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Bees in trouble and agriculture decline    Extinct insects    What can you do to save insects?

Extinct insects

Fifty nine insect species are known to have vanished in our modern time (IUCN 2007), however, thousands are estimated to have disappeared. In the United States, 160 insect species are presumed to be extinct or missing.

Since a very small percentage of the insect diversity has been assessed, the number of species that went extinct within the last 100 years is likely to be very high. Scientists agree that many species are going extinct, however, it is unclear how many have been lost and how many more are at risk.

Social insects (e.g., termites, ants, paper wasps social bees) appear to be disproportionately susceptible to extinction because of their small effective population sizes.

Examples of extinct insect species include:

The Atossa fritillary butterfly (Speyeria adiaste atsaos) was abundant in southern California mountain ranges. The last sighting occurred in 1960 near the peak of Mt. Pinos. The causes of its extinction are unknown.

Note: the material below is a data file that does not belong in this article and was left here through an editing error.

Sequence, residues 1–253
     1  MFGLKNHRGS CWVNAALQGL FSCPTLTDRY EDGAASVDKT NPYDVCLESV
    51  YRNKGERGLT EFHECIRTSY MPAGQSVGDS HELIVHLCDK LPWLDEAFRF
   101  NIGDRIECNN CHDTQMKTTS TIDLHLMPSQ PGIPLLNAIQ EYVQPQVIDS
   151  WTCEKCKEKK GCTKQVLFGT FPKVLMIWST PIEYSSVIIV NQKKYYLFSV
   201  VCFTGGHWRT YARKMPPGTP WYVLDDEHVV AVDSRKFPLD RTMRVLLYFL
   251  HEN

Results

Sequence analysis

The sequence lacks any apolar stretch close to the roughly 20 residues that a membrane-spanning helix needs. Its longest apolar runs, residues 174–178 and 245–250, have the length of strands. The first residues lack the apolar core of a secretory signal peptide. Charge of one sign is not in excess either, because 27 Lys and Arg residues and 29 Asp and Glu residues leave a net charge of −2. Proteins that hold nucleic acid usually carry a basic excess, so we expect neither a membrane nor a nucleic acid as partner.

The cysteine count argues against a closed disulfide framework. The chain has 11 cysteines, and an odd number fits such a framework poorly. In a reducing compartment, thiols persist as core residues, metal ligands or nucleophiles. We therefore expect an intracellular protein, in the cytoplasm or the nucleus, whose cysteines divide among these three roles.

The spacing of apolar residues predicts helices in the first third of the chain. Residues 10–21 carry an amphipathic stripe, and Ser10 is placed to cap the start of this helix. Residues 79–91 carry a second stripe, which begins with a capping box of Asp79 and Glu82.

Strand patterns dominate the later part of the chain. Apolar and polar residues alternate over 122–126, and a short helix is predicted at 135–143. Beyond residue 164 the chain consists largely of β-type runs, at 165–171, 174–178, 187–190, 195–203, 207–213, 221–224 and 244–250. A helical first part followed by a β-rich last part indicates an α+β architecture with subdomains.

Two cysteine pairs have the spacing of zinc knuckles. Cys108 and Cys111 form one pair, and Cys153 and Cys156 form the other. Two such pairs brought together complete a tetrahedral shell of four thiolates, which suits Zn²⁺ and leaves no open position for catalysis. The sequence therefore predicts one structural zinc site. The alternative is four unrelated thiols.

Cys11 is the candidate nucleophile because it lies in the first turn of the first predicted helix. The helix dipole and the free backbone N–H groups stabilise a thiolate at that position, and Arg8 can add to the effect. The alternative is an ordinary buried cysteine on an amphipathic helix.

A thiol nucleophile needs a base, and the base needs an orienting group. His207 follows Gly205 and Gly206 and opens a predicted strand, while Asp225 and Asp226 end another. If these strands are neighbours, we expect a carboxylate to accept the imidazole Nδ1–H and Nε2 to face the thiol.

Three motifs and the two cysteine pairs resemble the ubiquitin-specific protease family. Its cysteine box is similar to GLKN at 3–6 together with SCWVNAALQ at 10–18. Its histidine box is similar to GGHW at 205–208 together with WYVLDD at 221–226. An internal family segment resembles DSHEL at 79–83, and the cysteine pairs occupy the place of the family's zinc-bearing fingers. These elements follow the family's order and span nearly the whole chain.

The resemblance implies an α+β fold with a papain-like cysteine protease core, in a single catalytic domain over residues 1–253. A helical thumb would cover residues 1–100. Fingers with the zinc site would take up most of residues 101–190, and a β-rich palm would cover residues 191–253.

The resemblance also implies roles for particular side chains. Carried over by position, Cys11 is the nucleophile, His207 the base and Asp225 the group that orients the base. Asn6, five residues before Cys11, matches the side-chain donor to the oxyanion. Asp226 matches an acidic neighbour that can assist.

The Rocky Mountain grasshopper (Melanoplus spretus) was known to periodically migrate from the northern Rocky Mountains to Canada. However, in the late 1880s this species became rare and to sadly became extinct quickly. The cause of its extinction is not clear but it is usually attributed to habitat destruction and exotic species introduction.

The Xerces Blue butterfly (Glaucopsyche xerces) formerly inhabited the sand dunes of San Francisco bay area in California until its habitat was almost entirely destroyed by urban development. The species was first described in 1852, at which time small populations were probably widely dispersed around the the San Francisco bay area.

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Insect inventories are needed to know how many insects are left on earth. Pierre Fidenci

The number of insect species that have been lost is still unknown. Pierre Fidenci

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